Chongcher Lee shared his restaurant business and its history Wednesday at Western Technical College.
The owner of Hmong’s Golden Egg Rolls, located at The Hive on State Street and celebrating 16 years of operations, was one of several local Hmong businesses or organizations that participated in a business showcase on campus.
Part of an “Honors in Action” project by the Western chapter of the Phi Theta Kappa honor society, the program also included a showcase of Hmong-American students sharing their stories during another event the previous week.
“It is good to let people know what is here,” Lee said. “It is time for us to engage each other and let people know we are here.”
The honor society’s vice president of service, Western human resources management student Alyssa Boardman, said PTK does an annual honors project on a topic that addresses a need in the community.
The region has a significant Hmong-American population, she said, but many people might not be familiar with the Hmong people, their culture and their contributions to the community.
“I really love that this project allows others to learn about different cultures,” she said. “Sometimes people can be afraid to stray out of their comfort zone. But it is so important because of all the cultures all around us.”
The two-week project is also a prelude to this weekend’s Hmong New Year celebrations, which will be held at Veterans Memorial Park in West Salem.
Unlike Western New Year celebrations, the Hmong New Year is tied to the lunar calendar and also celebrates the harvest season, an important part of the year for a culture that is deeply entwined with agriculture and gardening.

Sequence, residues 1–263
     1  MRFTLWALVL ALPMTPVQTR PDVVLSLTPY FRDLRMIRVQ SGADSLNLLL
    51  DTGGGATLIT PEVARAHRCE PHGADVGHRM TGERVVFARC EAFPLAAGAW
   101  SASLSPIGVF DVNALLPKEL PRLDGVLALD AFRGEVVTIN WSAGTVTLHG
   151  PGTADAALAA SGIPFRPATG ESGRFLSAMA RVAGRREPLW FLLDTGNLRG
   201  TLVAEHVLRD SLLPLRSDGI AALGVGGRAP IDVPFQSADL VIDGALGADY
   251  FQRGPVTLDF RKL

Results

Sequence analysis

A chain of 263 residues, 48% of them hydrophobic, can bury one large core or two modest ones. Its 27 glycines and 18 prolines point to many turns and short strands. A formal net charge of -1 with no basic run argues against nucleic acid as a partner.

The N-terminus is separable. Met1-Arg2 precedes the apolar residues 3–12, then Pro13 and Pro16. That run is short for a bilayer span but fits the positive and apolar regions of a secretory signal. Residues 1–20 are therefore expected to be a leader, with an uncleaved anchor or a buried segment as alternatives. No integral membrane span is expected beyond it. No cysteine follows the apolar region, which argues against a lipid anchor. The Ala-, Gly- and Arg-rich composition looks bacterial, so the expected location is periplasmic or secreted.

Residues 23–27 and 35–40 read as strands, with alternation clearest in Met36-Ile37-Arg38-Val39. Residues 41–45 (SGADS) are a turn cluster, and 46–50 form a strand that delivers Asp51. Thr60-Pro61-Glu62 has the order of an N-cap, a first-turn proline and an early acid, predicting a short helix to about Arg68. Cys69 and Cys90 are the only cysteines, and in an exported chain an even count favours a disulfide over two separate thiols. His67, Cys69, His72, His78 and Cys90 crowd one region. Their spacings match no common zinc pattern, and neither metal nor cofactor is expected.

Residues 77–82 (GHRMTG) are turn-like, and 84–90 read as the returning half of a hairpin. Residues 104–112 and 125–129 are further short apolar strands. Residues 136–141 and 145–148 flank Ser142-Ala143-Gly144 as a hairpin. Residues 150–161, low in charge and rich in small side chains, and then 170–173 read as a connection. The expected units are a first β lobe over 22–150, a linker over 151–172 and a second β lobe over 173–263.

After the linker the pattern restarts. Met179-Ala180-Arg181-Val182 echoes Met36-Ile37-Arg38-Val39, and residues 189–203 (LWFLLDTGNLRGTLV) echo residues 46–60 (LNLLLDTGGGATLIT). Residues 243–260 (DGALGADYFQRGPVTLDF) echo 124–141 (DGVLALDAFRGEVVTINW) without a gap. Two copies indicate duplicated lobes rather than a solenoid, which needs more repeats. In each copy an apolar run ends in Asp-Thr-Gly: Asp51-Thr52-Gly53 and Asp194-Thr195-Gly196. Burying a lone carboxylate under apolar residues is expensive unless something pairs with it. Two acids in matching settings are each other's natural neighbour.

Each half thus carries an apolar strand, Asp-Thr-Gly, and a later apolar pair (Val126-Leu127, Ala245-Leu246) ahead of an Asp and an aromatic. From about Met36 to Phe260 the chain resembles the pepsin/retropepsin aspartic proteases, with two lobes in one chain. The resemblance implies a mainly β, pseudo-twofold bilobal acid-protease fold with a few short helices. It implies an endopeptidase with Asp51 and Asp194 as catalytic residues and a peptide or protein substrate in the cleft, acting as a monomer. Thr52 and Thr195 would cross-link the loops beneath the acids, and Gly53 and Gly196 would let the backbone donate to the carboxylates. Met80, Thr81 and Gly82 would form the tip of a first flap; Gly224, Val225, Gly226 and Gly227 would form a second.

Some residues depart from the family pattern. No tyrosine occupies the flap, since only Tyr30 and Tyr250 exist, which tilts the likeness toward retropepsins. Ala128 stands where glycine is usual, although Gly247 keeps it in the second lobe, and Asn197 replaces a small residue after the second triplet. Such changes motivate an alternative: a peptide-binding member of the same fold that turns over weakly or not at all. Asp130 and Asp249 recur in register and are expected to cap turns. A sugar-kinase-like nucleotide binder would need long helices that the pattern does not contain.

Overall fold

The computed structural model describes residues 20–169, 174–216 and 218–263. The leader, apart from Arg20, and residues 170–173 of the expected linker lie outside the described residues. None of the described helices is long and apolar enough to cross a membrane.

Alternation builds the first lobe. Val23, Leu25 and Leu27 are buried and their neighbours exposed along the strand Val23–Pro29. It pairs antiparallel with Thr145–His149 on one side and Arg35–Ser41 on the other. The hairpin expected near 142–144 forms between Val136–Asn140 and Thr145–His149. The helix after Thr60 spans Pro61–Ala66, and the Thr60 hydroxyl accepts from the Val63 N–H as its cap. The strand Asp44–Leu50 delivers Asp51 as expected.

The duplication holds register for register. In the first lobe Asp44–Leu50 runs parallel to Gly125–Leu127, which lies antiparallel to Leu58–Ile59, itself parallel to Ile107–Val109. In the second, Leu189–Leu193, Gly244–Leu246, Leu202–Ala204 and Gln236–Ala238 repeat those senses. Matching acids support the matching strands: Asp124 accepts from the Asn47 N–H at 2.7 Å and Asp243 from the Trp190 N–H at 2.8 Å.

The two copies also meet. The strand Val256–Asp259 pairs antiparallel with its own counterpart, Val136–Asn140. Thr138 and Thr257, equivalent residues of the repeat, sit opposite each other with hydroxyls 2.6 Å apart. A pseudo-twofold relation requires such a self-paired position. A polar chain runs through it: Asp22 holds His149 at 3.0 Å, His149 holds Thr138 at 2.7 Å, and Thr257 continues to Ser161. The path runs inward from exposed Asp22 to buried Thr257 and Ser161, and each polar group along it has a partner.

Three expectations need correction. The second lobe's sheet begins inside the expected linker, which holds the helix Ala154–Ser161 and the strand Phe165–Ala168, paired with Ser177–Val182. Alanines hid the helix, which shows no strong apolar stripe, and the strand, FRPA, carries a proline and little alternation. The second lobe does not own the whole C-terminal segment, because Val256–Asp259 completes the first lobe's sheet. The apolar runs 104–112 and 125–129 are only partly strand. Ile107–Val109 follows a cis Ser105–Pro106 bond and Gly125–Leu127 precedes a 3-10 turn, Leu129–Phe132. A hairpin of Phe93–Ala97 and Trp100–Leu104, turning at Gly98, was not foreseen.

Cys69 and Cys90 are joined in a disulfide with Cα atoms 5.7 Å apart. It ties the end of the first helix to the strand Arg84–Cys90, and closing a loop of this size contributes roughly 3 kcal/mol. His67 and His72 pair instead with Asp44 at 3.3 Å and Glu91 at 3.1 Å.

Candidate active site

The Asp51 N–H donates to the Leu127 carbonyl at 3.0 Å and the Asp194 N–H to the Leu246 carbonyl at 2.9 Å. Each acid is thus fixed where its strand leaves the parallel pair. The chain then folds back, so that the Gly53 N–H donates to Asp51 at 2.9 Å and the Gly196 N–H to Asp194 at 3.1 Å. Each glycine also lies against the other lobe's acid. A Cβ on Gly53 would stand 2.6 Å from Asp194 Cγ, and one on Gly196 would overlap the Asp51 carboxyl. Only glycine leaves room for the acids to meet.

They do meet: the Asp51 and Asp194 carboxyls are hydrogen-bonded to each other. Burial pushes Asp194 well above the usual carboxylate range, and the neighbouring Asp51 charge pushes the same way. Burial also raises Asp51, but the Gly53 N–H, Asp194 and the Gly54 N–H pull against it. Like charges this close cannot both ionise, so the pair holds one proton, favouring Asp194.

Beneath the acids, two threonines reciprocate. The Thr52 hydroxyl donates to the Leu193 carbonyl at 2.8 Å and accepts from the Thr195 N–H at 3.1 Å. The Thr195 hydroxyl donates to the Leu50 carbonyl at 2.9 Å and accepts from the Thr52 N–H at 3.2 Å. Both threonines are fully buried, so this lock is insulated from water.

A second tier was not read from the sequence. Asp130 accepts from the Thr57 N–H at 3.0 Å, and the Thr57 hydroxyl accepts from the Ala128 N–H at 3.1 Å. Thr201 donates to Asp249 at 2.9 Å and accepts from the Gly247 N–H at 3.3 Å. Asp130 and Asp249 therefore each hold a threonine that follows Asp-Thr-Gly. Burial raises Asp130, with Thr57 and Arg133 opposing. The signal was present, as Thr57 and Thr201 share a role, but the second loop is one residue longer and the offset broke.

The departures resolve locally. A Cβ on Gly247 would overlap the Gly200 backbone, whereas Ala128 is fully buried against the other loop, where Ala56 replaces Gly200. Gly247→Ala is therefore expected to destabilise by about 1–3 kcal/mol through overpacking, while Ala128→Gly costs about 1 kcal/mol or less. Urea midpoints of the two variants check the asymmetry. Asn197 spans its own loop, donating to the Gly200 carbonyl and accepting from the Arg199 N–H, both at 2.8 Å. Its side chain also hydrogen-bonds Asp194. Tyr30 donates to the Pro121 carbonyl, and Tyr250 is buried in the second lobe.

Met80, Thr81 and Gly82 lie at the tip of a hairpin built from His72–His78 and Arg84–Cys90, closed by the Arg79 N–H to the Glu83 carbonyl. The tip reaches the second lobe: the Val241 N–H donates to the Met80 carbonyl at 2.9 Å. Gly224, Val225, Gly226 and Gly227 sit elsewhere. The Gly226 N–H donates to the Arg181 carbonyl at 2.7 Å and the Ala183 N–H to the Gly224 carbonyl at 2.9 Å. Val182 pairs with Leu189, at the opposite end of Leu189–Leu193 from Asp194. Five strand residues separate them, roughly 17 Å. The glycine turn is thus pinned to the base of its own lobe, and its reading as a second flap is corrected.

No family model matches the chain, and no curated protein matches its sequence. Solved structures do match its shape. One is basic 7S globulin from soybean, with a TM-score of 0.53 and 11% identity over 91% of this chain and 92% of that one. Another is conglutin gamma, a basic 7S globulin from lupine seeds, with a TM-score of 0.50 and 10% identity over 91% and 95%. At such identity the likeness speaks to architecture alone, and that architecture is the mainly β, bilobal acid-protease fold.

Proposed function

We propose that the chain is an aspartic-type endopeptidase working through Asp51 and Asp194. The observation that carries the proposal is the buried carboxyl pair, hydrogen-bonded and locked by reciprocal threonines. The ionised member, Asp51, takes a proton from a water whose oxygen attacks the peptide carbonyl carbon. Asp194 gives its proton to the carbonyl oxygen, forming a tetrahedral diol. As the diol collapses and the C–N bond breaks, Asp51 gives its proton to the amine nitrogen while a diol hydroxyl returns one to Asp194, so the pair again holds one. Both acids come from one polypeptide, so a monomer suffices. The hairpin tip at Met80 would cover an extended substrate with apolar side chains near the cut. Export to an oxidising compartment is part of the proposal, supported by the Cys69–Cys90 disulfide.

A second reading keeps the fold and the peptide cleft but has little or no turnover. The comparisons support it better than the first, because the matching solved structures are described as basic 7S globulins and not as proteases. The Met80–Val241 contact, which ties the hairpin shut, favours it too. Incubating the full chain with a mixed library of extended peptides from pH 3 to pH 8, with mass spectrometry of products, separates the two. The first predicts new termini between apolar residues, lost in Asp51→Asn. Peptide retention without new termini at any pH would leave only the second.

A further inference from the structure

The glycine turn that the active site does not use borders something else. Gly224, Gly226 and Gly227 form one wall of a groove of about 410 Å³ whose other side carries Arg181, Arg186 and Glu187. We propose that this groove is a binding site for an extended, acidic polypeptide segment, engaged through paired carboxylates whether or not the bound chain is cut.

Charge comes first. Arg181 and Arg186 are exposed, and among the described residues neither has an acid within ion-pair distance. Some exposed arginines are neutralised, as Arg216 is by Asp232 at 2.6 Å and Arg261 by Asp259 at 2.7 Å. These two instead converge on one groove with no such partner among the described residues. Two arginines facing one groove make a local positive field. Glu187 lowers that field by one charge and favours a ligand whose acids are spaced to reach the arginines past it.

Nearly a half-dozen Hmong businesses, community groups and campus organizations set up tables and displays at Western Wednesday. The week before, five Western students or recent graduates shared their stories growing up as Hmong-Americans or coming to America as refugees or immigrants from their homelands of Thailand, Laos, Cambodia or other countries.
Ka Vang, the office administrator at the Hmoob Cultural and Community Agency, said his organization decided to participate in the business showcase as a way to let more people know about Hmong community as well as the services his organization provides.
The cultural and community agency acts as an important resource for the Hmong population by providing ways for Hmong-Americans to preserve their heritage, come together and share knowledge.
But the center is also an important way for others in the community to learn more about their Hmong neighbors. And Vang said making those community connections is really important, especially with recent flare-ups of tension in the national conversation about race in America.
“We have a large Hmong community here of local business owners,” he said. “We own grocery stores, restaurants and other businesses, and it is important for people to come and learn and get to know our community.”